We are far from affirming that discipline such as Paul commands can be restored in the English Church or administered by the English clergy. On the contrary, we agree with the Spectator, that the proposal is “monstrous," and would make a “hell” of England. The scheme, if faithfully carried out, would require the excommunication of probably the large majority of the nominal adherents of the Establishment, and would end in breaking up "society." But the conclusion which we derive from this fact is, that the Church of England is framed on principles wholly foreign to those which controlled the structure of an Apostolic Church. An effective discipline can be administered only by a spiritual society—a society in which the members are substantially good men. A parish in which all inhabitants who have been christened are reckoned Church members cannot apply the laws of the New Testament. Men of undecided or indifferent character cannot be expected to feel any zeal in "putting away” persons who are defective in morality; and as for committing the duty to an inquisition of the clergy, that would be abhorrent to the spirit alike of Englishmen and of Protestantism. St. Paul's command was addressed to the whole Church, "Put away from among yourselves that wicked person.”

The truth is, that this difference on discipline reveals one still deeper bebind—a difference on some of the fundamental questions of Christian theology. Men's ideas on ecclesiastical affairs are mainly determined by their profoundest conceptions on the nature of the spiritual life. If men really believe, with Mr. Maurice, that the Christian redemption embraces all mankind in such a sense as to constitute all men actually sons of God,” or if they believe that the ceremony of baptism, rightly administered, is the medium of conferring regeneration" by the Holy Spirit” on every one who receives it, then they consistently regard ail the inhabitants of a parish as Christians, and you cease to wonder that the little difficulty about “ discipline,” or about burying bad men with very hopeful language, gives no anxiety to such theologians. But the clear infraction of apostolic law involved in such proceedings, entitles you to conclude that the theology is false, and the system pernicious to the souls of men. If, on the other hand, you believe, as we believe, that the rite of baptism is not accompanied by the grace of spiritual regeneration, and that all men are not born regenerate through redemption, but that the grace of regeneration is bestowed irrespective of age, sex, or social standing, by the Divine mercy, apart from sacramental action, and always when genuine is accompanied by the “fruit of the Spirit" in a substantially good and holy life, then you will form your church of those who profess to be thus "members of Christ and children of God," and express a willingness to abide, through Divine help, by New Testament law; and in such a society you will find it perfectly feasible to "put away” the fornicator, the railer, and the drunkard, and to "label" such persons as “evil,” exactly in the manner denounced by the Spectator, and commanded by the Apostles of Jesus Christ.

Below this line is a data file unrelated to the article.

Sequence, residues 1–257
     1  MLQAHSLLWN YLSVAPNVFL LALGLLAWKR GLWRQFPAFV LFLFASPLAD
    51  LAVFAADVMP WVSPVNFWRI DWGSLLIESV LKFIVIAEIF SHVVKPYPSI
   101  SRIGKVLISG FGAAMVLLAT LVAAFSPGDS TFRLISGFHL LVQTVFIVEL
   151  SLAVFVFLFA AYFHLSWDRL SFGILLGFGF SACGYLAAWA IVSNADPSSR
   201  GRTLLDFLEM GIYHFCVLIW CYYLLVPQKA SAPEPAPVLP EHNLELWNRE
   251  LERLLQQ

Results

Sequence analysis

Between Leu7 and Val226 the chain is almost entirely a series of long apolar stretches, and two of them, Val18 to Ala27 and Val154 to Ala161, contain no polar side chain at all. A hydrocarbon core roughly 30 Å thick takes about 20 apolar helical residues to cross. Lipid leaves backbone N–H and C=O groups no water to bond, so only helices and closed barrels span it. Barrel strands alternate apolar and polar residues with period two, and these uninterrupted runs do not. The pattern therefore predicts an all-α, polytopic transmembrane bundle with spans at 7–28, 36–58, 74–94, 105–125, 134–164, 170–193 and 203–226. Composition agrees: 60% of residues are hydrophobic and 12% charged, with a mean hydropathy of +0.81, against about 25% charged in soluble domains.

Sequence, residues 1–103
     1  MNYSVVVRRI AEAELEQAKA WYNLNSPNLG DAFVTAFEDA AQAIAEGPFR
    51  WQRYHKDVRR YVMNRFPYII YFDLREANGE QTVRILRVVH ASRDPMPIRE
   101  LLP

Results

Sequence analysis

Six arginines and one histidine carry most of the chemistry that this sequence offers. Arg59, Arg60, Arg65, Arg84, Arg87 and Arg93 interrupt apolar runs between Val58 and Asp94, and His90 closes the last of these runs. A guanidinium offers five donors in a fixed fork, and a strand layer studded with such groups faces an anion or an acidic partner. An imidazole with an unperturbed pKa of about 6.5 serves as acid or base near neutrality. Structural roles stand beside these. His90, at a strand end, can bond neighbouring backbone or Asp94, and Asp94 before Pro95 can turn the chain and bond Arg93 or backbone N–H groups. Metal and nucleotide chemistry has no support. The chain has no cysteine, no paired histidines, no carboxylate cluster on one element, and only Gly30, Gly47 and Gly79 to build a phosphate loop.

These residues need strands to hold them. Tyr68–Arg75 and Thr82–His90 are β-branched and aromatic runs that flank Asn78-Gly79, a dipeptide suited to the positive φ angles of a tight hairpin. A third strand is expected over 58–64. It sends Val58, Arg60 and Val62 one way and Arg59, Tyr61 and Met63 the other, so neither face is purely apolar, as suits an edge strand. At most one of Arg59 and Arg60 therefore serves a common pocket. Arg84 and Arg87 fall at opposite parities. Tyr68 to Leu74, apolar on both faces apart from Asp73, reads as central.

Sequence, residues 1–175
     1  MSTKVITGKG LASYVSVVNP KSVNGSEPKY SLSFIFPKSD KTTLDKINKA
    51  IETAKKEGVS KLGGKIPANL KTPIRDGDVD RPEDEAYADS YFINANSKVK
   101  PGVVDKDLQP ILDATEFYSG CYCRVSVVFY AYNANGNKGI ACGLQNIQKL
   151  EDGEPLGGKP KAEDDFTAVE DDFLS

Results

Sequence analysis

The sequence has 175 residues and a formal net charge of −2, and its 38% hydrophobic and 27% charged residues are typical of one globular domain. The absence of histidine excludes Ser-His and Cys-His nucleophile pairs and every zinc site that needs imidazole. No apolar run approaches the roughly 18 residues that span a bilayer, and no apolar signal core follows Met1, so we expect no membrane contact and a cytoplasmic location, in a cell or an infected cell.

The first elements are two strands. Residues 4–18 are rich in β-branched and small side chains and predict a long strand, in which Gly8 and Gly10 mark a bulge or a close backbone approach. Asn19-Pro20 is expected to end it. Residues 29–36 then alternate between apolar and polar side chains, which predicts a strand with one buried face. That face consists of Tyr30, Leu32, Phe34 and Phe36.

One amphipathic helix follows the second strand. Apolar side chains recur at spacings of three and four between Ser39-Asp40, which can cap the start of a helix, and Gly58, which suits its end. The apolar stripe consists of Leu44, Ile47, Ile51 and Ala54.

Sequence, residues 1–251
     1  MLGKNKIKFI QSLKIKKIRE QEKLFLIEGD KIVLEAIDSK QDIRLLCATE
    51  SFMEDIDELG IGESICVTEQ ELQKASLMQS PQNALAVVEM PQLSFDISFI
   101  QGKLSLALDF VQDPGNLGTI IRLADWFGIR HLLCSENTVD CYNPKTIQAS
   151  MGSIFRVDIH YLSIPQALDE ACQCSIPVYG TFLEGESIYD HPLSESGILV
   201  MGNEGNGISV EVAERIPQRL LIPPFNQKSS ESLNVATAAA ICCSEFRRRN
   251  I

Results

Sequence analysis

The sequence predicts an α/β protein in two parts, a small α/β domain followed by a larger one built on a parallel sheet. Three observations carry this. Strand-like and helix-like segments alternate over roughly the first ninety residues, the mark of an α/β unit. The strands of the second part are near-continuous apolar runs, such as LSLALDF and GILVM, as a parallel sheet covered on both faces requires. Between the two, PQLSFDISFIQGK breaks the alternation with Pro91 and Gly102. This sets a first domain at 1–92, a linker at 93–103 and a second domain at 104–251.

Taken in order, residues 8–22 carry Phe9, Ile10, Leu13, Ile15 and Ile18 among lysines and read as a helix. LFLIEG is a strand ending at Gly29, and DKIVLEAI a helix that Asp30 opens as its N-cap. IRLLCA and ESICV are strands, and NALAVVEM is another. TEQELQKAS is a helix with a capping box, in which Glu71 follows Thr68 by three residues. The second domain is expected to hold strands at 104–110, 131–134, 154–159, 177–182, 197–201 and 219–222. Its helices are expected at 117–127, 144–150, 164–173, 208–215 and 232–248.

To realise such a discipline as a means of moral education, and as an organised testimony against the depravation of modern society and of the modern Established Church, is one of the main objects of our Secession, and it is one from which no serious and thoughtful man should be turned aside by misrepresentation of its aims, or exaggeration of its difficulties, or sinister forebodings as to its results. To determine inward character absolutely is impossible; to form even a probable judgment on it in the early stages of the spiritual life is a task from which the ablest seers might well shrink; to judge decisively on the absolute good or evil of the fairest-seeming saint or the worst-seeming sinner, is a work from which wisdom will withhold its hand; but to none of these undertakings are we summoned by the New Testament. It is conduct, and conduct alone, which we are commanded to "judge” and “label;" and as long as the world lasts a fornicator and a drunkard and a railer and a cheat will be characters clearly cognisable by reliable evidence; and as long as the Church lasts she is required by the Almighty to expel them from her communion. In so doing, she at once fulfils her principal function of seeking to “sever the evil from the good in her own heart,” and brings to bear upon society the most potent instrument for its reform.